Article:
"Have you got that tube under the jar?" asked Jack as he lighted a large Bunsen flame.
"It's under," answered Mark. "But say, what are you going to do in case you prove that your theory is right, and that you can make a new kind of gas? What good will it be?"
"Lots of good. If I'm right, this will be the lightest gas ever made. Much lighter than hydrogen--"
"Lighter than the kind Professor Henderson made for use in the Flying Mermaid, in which we went to the center of the earth?"
"No, I'm afraid I can't equal his gas; but then, no one can ever hope to. I'm going to make a new gas, though, and I'll show you that it will be much lighter and more powerful than hydrogen."
"More powerful, eh? Then I wish you'd have some one else hold this. I'm afraid the test tube will burst."
"What if it does? It can't hurt you--very much. But here, since you're so nervous, I'll put a pile of books all around the tube and the burner. Then, if it bursts, the books will prevent the pieces of glass from flying all about. Does that satisfy you?" and Jack began heaping some books about the burner, over which he was about to suspend the test tube containing the queer chemical.
"Yes," returned Mark doubtfully. "I suppose it's all right--unless the books will be blown all over."
"Well, I'll be jig-sawed!" exclaimed Jack with a laugh. "There's no satisfying you. You're too particular, Mark."
"Maybe; but I don't want to get hurt."
"You'll not be injured in the least. Look, you're quite a distance away, and even if it does explode and the books are scattered away, it can't hurt much to be hit by one of these volumes. There, I'm all ready now. Hold the tube firmly."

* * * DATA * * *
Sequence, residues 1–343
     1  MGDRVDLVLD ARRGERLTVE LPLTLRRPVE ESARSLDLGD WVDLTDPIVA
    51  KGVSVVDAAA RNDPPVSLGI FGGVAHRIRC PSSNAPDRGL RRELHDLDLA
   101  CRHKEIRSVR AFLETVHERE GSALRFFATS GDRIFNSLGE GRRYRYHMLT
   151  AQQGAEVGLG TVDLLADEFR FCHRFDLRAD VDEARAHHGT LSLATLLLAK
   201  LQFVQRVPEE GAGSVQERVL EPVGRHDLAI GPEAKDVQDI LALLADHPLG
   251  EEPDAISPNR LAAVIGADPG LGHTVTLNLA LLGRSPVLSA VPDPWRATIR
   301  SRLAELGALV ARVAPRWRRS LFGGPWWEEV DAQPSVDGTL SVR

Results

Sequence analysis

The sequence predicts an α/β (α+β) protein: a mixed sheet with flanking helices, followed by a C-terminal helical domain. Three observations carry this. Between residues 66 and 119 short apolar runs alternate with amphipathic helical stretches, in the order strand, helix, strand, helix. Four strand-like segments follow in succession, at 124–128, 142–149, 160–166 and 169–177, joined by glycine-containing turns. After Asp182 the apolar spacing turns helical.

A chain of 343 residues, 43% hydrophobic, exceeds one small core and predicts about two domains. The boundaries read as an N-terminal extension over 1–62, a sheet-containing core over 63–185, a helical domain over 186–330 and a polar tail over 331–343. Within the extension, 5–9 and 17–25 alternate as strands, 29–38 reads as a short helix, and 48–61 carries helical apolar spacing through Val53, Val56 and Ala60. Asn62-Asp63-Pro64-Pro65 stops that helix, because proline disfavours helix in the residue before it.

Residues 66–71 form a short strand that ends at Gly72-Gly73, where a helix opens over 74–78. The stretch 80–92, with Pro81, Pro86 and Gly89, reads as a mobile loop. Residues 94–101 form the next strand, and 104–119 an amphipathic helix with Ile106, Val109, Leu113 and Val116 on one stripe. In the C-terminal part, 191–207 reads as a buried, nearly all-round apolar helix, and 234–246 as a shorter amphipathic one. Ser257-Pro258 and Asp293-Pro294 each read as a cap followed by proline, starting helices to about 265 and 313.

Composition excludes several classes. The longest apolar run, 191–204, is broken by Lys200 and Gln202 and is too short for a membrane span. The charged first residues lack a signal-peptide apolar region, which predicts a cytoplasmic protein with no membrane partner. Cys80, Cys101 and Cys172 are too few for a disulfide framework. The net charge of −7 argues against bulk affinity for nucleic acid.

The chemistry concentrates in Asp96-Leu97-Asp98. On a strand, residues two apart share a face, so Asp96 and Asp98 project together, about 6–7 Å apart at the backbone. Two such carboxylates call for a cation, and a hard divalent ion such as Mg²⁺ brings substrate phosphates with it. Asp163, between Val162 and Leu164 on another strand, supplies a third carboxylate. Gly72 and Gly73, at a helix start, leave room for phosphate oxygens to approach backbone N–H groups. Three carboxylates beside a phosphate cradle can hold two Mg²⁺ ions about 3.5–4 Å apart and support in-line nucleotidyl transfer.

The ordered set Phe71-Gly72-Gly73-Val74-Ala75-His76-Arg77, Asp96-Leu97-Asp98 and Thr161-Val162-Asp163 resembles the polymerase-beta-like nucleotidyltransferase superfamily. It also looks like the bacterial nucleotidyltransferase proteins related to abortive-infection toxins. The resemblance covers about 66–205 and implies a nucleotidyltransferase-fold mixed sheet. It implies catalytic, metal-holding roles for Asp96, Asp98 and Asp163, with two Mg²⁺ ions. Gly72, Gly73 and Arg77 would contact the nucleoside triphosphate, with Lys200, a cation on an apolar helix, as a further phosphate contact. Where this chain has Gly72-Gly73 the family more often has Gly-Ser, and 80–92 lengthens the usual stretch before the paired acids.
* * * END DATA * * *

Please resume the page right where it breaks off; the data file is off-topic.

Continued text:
He placed the test tube in a support, clamping it fast, so that it would be held steady over the flame. Then he turned on more of the illuminating gas, which, coming through the Bunsen burner, was made intensely hot. A little column of flame now enveloped the big test tube containing the powder.
There was a little crackling sound as the heat expanded the powder, and the end of the test tube became quite red from the flame.
"That tube'll melt!" exclaimed Mark, peering over the pile of books. "It's too near the flame."
"Guess you're right," admitted Jack. "I'll raise it up a bit."
He turned down the flame and elevated the tube slightly. Then he took a position where he could watch the process of making what he hoped would be a new kind of gas. He wanted to be where he could see the vapor beginning to collect in the top of the tube, pass off through the glass in the cork, and then through the little rubber hose to the bell glass held by Mark. If the gas was generated too quickly, Jack knew he would have to turn down the heat slightly.
The crackling sound continued. Then, as Jack watched, he saw a thick, yellowish vapor collecting in the top of the test tube near the cork.
"It's coming!" he cried. "There's my new gas!"
"What's the name of it?" asked Mark.
"I haven't named it yet. I want to collect it in the jar and show it to Professor Lenton. He said he didn't believe I could make it."
The boys resumed their careful watching of the experiment. It was a nervous moment, for, from experience, Mark knew you never could tell what would happen when Jack began to try new combinations of chemicals. He was ready to drop down on an instant's warning, out of the way of flying missiles.